Burnout among emergency physicians : from detection to prevention
This thesis compiles and analyzes five distinct chapters, each shedding light on the multifaceted challenges faced by healthcare professionals, particularly emergency physicians, in their honorable pursuit of saving lives and preserving the well-being of patients. Collectively, these chapters emphasize the critical importance of addressing the issues of work stress, burnout, and psychological well-being in the emergency medicine field. The first chapter provides a background to the issues addressed in this dissertation. The objective to investigate the occupational well-being; personality Type D; association of perceived stress, resilience, burnout and an intervention SMART-EM study of emergency physicians that is intended. With a brief overview of the various chapters and a table showing the various predictors and outcomes used in the research chapters. The second chapter presents a comprehensive review of the past decade's research, revealing the consistently higher levels of burnout experienced by emergency physicians compared to their peers in healthcare. It highlights the intricate interplay between work-related factors, personal characteristics, and the development of burnout, underscoring the importance of addressing these challenges to preserve the quality of care provided. The third chapter delves into the influence of Type D personality traits on burnout among hospital and emergency physicians. It suggests that Type D personality may serve as a personality-related risk factor for burnout, particularly among emergency physicians. This underscores the imperative of integrating personalized prevention measures into support systems for healthcare professionals. The fourth chapter unveils the profound impact of the COVID-19 pandemic on physicians working in emergency departments. It underscores the prevalence of occupational hazards, including infectious diseases, physical risks, workplace violence, and the threat of burnout, with an acute focus on the added burden of COVID-19. The findings underscore the urgent need for comprehensive strategies and support systems to safeguard the physical and mental well-being of these dedicated healthcare professionals. The fourth chapter introduces the "Stress Management and Resiliency Training (SMART-EM) program," offering a promising tool to mitigate stress, burnout, and enhance resiliency and quality of life among emergency physicians. The study reveals statistically significant improvements in perceived stress, quality of life, and burnout among participants in the SMART-EM program, further emphasizing the need for tailored interventions to address the well-being of healthcare providers. The sixth chapter presents findings from a pilot intervention study that examined the effectiveness of the SMART-EM program in reducing stress and burnout while promoting resilience. The study demonstrates the program's potential to improve perceived stress, quality of life, and well-being, providing a valuable tool for mitigating stress among emergency physicians. Finally, the seventh chapter provides a look at the second through sixth chapters that together reflect the critical need for a comprehensive approach to addressing the well-being of emergency physicians. Strategies should include comprehensive support systems, tailored interventions, and an understanding of the complex interplay between individual personality traits, work-related factors, and the development of burnout. The findings call for ongoing research and the development of targeted programs to preserve the physical and mental well-being of those dedicated to saving lives in high-pressure emergency departments.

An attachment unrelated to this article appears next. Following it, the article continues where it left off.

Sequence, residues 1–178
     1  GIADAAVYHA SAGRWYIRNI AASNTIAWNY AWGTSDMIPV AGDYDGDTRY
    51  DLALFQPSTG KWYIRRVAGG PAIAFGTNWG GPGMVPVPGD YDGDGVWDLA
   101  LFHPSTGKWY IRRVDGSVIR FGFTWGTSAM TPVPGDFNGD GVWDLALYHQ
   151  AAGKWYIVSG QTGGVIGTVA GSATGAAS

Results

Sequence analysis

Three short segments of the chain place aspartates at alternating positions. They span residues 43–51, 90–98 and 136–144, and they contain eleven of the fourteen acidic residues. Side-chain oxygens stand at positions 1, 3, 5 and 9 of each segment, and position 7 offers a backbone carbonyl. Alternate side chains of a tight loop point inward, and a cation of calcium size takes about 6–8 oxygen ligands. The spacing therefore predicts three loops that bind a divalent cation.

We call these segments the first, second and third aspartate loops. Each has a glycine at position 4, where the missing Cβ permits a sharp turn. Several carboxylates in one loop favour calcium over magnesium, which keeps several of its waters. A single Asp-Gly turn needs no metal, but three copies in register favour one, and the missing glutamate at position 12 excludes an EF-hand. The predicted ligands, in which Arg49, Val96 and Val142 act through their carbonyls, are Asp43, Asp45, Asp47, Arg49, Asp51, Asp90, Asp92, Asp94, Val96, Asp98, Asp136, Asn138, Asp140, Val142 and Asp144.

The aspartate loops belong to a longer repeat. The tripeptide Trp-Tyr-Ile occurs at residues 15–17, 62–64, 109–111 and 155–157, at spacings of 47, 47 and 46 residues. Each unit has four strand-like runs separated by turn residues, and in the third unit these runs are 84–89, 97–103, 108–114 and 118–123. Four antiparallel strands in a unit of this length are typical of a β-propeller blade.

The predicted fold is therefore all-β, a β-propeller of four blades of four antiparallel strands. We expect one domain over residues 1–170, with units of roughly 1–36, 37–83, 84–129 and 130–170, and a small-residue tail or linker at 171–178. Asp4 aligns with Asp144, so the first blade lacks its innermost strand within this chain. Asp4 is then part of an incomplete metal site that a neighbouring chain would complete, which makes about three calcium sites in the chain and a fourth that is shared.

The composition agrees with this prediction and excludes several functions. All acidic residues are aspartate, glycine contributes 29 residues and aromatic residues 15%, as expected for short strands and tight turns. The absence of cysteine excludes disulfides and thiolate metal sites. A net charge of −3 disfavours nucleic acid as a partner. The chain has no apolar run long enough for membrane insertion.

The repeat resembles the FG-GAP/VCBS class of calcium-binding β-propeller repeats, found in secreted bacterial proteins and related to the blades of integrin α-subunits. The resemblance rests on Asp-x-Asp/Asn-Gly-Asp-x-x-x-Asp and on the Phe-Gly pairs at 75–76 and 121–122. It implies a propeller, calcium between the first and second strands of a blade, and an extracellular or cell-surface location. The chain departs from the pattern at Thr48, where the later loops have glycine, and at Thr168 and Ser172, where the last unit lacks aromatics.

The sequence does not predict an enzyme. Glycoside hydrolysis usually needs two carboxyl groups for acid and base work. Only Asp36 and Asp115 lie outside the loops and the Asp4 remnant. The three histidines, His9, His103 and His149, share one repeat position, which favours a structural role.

Antwerpen : Universiteit Antwerpen, Faculteit Geneeskunde en Gezondheidswetenschappen , 2024
150 p.
Supervisor: Franck, Erik [Supervisor]
Supervisor: Van Bogaert, Peter [Supervisor]
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Creation 22.04.2024
Last edited 01.05.2024
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